What I read in April 2023
Foundryside (The Founders Trilogy #1) by Robert Jackson Bennett, 503p: I enjoyed the magic system of giving the power of sentience to objects. It adds a whimsical feel to the story. I loved the main character, Sancia: she's a rogue/thief, living in the outskirts of society getting by as best she can. She is smart and independent. She has a dark past, being a victim of unmentionable experiments that left her with uncomfortable (but useful) abilities. One of her goals is to get enough money to cure herself. The world building is cool with an everyday magic aspect based on using ancient alphabet to imbue commands to objects and convince them to behave in certain ways. This process is called “scriving”. For example, a sword can be “scrived” to believe it is as sharp as ten blades in one, capable of cutting through nearly anything. The last third of the book dragged a little bit, but overall, it was very interesting with a main character that I sympathised with.
The Revenge of Analog: Real Things and Why They Matter by David Sax, 304p: It's an interesting account of some analog technology that came back after the phase of digitisation that started with the first computers in the 60's and 70's. My favorite chapters were the ones about the revenge of Vinyl and Moleskine notebooks. After the music industry distribution went digital, culminating in music streaming services, there was a movement to get back to vinyl. Records pressing plants were restored and put into operation again. Moleskine started a designer trend towards nice and beautiful paper notebooks. Film directors helped the movement for analog film movies again, film producing factories were re-opened and it's possible to get new Polaroid and Instax cameras nowadays. It also touches on board games, meditation sessions in the workplace, high-end analog wristwatches, print books: all things that are contrasting with the digital environment we live in today. The author praises these analog experiences, reasoning on why we need them more than ever and points out these markets tend to grow even more. Sometimes I found the tone of the arguments too geared towards consumerism and these non-digital options were just creating a market for wealthier people to consume more things. I've been reading digital books for years and I don't plan on going back to paper books (the irony of reading a book about non-digital things in an e-reader).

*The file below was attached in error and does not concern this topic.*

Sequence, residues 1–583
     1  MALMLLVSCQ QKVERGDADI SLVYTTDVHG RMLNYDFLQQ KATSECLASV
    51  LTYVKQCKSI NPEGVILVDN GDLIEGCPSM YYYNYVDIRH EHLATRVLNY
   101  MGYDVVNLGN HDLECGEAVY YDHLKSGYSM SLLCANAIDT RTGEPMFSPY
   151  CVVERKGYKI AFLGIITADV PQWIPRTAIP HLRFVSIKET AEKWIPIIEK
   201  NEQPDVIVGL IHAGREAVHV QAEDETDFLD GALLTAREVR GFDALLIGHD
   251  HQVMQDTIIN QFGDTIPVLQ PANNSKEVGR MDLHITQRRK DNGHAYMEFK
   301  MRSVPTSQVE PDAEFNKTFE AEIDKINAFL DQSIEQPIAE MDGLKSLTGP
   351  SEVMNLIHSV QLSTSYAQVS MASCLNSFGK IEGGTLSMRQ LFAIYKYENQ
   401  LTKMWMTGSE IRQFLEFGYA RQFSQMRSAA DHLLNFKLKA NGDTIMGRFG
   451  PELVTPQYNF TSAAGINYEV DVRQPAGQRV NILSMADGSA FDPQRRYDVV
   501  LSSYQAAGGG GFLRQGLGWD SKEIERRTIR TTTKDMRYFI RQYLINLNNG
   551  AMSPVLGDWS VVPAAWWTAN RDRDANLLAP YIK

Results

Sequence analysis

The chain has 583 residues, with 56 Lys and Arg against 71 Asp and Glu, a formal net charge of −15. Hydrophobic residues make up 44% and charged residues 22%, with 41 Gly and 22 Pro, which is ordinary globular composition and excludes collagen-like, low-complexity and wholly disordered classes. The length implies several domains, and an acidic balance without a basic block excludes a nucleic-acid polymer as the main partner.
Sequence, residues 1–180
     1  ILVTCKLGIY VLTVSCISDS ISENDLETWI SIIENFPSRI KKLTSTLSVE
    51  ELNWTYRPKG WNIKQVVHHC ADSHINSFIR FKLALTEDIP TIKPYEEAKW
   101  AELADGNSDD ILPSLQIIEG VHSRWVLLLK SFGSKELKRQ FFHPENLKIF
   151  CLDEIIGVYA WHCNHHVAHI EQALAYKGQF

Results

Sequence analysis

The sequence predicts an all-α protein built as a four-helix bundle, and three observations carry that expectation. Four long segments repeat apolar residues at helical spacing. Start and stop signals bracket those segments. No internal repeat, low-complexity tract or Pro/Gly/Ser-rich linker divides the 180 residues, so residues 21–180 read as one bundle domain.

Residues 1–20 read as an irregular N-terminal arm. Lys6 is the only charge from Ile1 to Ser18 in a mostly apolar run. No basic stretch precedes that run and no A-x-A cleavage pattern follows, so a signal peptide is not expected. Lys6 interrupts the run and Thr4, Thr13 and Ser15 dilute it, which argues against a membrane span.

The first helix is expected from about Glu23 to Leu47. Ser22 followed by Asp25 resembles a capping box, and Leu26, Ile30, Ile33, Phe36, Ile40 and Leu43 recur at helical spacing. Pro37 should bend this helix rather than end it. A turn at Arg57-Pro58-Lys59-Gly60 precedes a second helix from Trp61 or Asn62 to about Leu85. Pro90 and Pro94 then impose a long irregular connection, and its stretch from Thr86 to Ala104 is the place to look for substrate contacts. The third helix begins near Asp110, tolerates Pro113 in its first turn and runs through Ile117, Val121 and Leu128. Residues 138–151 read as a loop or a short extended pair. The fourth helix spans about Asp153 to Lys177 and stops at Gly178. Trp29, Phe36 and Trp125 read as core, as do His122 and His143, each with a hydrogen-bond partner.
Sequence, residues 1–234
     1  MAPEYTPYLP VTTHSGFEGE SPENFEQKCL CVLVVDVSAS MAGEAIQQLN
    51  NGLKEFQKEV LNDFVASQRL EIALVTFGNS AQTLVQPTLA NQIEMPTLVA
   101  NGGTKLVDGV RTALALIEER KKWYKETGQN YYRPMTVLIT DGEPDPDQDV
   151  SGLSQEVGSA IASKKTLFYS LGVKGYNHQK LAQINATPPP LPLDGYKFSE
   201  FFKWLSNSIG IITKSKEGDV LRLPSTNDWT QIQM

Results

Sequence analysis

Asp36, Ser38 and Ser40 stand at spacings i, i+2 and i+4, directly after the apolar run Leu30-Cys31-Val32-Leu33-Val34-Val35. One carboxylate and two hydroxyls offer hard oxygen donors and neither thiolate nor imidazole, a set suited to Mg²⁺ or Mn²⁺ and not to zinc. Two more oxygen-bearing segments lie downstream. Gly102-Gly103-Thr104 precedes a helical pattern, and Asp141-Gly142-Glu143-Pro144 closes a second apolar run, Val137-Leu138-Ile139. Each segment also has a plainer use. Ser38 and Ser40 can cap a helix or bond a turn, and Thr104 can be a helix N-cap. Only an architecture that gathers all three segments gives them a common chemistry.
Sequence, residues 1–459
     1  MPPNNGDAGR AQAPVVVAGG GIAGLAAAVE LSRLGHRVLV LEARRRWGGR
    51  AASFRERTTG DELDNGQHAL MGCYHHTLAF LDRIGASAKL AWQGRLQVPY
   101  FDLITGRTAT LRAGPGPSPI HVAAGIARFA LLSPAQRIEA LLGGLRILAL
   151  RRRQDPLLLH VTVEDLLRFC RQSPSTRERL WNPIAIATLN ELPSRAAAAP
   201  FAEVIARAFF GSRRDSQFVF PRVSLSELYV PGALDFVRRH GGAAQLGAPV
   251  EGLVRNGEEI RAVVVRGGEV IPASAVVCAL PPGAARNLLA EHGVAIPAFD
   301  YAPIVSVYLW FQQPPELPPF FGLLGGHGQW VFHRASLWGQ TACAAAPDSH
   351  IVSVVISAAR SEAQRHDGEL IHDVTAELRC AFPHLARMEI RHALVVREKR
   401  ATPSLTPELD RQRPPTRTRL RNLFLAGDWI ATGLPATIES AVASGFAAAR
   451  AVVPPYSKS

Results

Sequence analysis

Atlas Alone (Planetfall #4) by Emma Newman, 320p: This book takes place 6 months after the events of Planetfall #2 (“After Atlas”). We have Dee as our main character and she gets unknowingly involved in a suspected murder inside the colony ship. As we know from the previous book, Dee is an avid gamer, and she soon joins elite game servers, or “leets” where the gamers real life abilities are represented in game, making these games extremely challenging. This is another unputdownable book by Emma Newman with virtual reality immersive games, discussions about AI and consciousness, corporate indenture, social justice and revenge. It's all intertwined with the main character's journey confronting her traumatic past while she investigates and plans for the future. It's intense, thrilling and the ending was breathtaking.
Set Boundaries, Find Peace: A Guide to Reclaiming Yourself by Nedra Glover Tawwab, 282p: This is a light read on the topic, offering practical examples on phrases to express verbally our boundaries. I had the impression the topic was over simplified. The author mentions a lot of “results” from polls she conducted in her Instagram account with her followers and that took away some of the credibility of the facts presented.
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By Noisy Deadlines Minimalist in progress, nerdy, introvert, skeptic. I don't leave without my e-reader.